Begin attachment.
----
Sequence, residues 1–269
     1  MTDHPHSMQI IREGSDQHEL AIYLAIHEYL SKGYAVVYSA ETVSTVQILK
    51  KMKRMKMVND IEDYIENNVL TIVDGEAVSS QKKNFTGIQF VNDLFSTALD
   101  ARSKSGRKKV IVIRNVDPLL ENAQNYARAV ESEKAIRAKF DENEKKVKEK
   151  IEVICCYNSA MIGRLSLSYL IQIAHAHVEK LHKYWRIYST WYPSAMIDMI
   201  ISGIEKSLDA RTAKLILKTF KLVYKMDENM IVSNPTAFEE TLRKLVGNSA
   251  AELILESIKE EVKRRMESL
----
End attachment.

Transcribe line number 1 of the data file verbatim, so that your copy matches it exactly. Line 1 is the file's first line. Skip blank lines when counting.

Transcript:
Sequence, residues 1–269